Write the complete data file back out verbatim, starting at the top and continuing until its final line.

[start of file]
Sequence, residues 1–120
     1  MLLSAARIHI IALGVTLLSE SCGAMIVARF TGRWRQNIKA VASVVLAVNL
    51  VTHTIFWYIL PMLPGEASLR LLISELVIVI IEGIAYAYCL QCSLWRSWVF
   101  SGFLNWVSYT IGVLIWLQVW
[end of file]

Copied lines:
Sequence, residues 1–120
     1  MLLSAARIHI IALGVTLLSE SCGAMIVARF TGRWRQNIKA VASVVLAVNL
    51  VTHTIFWYIL PMLPGEASLR LLISELVIVI IEGIAYAYCL QCSLWRSWVF
   101  SGFLNWVSYT IGVLIWLQVW